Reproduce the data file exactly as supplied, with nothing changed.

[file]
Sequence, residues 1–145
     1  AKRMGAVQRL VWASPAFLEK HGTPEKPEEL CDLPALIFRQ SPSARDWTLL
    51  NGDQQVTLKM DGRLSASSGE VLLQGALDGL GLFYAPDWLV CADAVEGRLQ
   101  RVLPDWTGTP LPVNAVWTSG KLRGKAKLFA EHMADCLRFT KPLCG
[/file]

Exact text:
Sequence, residues 1–145
     1  AKRMGAVQRL VWASPAFLEK HGTPEKPEEL CDLPALIFRQ SPSARDWTLL
    51  NGDQQVTLKM DGRLSASSGE VLLQGALDGL GLFYAPDWLV CADAVEGRLQ
   101  RVLPDWTGTP LPVNAVWTSG KLRGKAKLFA EHMADCLRFT KPLCG